As background info....I am a male nursing student that will be graduatig in a month from now and have already been hired on in a smaller community hopsital in the ICU (12 bed). I know that some hospitals won't even hire new grads in the ICU and I am just wondering if any of you had started there and think it is a good idea or not.
Nov 27, '07
Starting in ICU is probably the very best choice you could make. That said, I hate ICU,much too organized for me I work ER. Again, if you are looking at the big picture, where ever you go ICU will give you valuable experience. Some Units have dedicated Intern Programs but even if it's just a country hospital this is a gift, that will jump start one's resume and may open many opportunities in your future. Programs like CRNA almost require ICU experience. Even if it turns out the ICU is not what you want the skills and critical thinking and the things that you learn should not be under estimated.
Last edit by SKQQTR on Nov 27, '07
Nov 27, '07
As a (very) soon to be new grad I have decided that my primary interests are:
I love the stimulation of learning new things and being challenged to use my assessment skills. I was advised by 2 instructors and my mother (retired nursing instructor) that I should work towards entering in these areas.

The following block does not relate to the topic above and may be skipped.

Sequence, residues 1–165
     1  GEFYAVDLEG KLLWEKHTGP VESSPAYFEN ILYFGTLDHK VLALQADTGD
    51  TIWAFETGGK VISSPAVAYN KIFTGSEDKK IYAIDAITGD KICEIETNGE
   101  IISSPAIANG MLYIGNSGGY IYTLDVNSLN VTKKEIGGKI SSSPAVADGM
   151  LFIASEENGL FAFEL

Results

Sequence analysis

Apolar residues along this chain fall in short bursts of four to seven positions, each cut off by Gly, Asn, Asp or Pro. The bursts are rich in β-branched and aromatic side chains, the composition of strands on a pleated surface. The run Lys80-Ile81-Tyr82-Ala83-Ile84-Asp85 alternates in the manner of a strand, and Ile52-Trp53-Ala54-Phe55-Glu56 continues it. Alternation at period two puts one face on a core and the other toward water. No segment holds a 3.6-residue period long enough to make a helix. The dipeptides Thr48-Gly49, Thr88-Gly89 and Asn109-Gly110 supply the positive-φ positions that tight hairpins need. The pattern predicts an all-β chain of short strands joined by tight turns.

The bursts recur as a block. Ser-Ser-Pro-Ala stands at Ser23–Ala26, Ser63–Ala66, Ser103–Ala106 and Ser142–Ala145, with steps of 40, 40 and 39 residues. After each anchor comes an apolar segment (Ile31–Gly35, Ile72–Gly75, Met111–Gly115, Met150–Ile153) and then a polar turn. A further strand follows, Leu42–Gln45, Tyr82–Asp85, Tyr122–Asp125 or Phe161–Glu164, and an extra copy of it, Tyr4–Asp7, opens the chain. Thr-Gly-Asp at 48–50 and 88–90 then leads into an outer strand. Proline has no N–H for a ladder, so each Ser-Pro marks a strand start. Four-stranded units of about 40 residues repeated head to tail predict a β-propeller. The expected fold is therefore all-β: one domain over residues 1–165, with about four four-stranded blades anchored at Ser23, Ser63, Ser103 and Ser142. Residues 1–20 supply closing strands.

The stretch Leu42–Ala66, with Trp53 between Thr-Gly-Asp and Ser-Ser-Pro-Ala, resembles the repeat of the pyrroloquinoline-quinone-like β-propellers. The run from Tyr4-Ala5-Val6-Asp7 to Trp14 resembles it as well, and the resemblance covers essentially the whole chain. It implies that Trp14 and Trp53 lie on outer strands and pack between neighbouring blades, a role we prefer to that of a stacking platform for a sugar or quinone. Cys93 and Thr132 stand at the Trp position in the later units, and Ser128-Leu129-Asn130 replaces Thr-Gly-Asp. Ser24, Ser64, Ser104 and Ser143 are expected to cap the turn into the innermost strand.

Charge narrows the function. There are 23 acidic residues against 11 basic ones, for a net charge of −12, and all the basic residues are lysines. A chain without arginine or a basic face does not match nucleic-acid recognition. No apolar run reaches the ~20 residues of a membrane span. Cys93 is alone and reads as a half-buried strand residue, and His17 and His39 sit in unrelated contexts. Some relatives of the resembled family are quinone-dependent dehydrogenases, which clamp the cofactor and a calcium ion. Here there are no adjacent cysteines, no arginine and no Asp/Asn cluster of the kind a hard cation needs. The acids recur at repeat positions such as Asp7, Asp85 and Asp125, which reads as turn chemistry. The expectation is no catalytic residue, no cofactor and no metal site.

Nov 29, '07
Most hospitals from what I've seen start everyone regardless of interest on med-surge. It's a good proving ground and skill building department. However, I've seen some starters in ICU too you just have to be fresh on your ACLS and arrhythmias. ER? I have found starting there to be a disaster. ER is too sink or swim for newer personnel. But if ICU sounds like your forte I'd say go for it.
Nov 29, '07
Good luck on the new job. Learn all you can, speak up when the water gets too deep for you. Do not take a chance on the patient's life or your license. I am sure you will do fine if you are really interested in this area.
Nov 30, '07
It should be a great experience for you. Smaller ICUs tend to have a lot of experienced nurses, and a level of acuity that allows for more incremental learning. Best of luck as a new RN!
Dec 2, '07
ICU nurses; in general; are opinionated and have high expectations of their co-workers(nurses/aides/doctors/resp therapist). If you can take being eaten and spit-out and then eaten again without crying or pouting. you'll do fine. I started in a large aggressive medical ICU 3 days post graduation. I thought lubricant was for just n/g tubes. Until I took a senior nurse and said (in a professional manner) exactly what I thought of her and her nursing care. the respect will come when you remain focused and delivery excellent care
Dec 9, '07
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